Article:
Review by: Angela Fieler, MPA, CMQ/OE, Consultant
I am always on the lookout for books that help me “sharpen my saw” in terms of my coaching practice. Often times, I read one book or article that cites another in a way that peaks my interest. In the Nurse Executive’s Coaching Manual, Kimberly McNally and Liz Cunningham say this about Kegan and Lahey, “We find the self-assessment exercises in their book designed to move you through the process of unearthing your personal competing commitments particularly valuable. It is a highly recommended resource!”
I have to say, I couldn’t agree more. In the spirit of full disclosure, I was so enamored with the first few exercises and what they revealed to me about not only my personal competing commitments but the assumptions that drive them, that I actually stopped reading the book after working through the first four languages. It wasn’t that I didn’t want to keep reading, it was that the first section was so powerful, I wanted to run with what I’d learned and recommend that others do the same . My recommendation sounds something like this, “This is one of the most profound and poorly titled books I’ve ever read.” Had I taken the time to read the rest of the book, I would have taken out my editorial comment about the title.
Having now read ”How the Way We Talk Can Change the Way We Work: Seven Languages for Transformation” not once but twice, I can say that I am still enamored with the self-assessment exercises. I’ve done them all now – they don’t stop with the first four languages. For me, they did far more than unearth my personal competing commitments. Without them, I’m not sure I would have grasped the underlying concepts of the book. The “new technology” and “mental machine” metaphors often confused me, as did some of the complex language. Doing the exercises and making the effort to connect the experiences I documented as part of the process to the key points helped put me back on course.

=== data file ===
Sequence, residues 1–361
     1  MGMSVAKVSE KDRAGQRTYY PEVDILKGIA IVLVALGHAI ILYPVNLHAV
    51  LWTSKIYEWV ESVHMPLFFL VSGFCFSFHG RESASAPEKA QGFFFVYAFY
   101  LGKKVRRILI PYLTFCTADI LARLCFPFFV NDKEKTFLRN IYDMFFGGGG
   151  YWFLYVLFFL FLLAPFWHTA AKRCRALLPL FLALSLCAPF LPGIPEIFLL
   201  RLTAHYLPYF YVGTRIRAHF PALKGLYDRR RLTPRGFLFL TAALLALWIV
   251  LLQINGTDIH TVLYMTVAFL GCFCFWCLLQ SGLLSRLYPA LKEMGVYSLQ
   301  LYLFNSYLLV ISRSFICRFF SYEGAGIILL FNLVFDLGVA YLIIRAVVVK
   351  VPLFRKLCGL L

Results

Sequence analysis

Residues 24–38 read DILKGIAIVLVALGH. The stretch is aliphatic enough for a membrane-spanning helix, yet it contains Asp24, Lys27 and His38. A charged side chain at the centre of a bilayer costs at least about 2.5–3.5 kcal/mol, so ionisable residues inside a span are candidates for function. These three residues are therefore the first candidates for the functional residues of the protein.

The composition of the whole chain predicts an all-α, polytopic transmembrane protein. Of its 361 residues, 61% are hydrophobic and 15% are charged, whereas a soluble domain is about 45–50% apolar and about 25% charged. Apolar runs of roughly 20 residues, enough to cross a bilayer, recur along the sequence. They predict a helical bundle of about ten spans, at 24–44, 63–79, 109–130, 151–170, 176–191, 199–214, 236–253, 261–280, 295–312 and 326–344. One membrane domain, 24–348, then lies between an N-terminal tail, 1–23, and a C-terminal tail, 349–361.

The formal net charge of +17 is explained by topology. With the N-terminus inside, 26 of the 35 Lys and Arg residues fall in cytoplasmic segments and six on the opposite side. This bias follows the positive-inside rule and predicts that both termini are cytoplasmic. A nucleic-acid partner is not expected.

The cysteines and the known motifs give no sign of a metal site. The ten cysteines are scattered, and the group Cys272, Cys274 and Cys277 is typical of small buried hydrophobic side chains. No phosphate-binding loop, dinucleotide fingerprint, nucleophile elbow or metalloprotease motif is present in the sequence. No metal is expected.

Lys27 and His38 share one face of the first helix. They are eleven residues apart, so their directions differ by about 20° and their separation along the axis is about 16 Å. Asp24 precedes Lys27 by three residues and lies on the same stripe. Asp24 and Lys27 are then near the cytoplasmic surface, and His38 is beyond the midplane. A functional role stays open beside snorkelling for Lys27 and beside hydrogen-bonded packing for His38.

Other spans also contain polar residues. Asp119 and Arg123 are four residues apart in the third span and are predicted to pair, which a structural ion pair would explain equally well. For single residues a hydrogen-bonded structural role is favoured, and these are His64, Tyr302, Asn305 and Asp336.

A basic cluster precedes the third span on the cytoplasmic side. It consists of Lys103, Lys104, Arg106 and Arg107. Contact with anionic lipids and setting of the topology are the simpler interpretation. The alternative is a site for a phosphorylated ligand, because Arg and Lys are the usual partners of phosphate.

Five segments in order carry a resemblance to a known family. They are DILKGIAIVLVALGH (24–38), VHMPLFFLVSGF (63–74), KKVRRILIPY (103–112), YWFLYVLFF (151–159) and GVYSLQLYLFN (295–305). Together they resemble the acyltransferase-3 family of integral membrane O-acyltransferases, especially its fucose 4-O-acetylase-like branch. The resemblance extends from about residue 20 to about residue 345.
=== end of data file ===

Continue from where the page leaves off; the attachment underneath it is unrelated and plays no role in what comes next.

I wish that I could summarize the book in one or two sentences, but I don’t want to do the authors or the book a disservice by over-simplifying. They have created a structure that seeks to explain why individuals and organizations struggle and often fail to actually change behavior. They’ve challenged some age-old leadership tenants that shake the foundation of what I “know” and make me question some “truths” that I hold dear. I’m not sure that I am on the precipice of true transformation, but I think that’s okay. At one point in the book, the authors say, “…we expect there will be no effect…” from just reading the book and doing the exercises. What they hope is that you keep reading, repeat the exercises, engage others in discussions about what you are learning and in so doing, you will create the opportunity to truly transform. It’s a lofty proposition, but I’m game. Are you?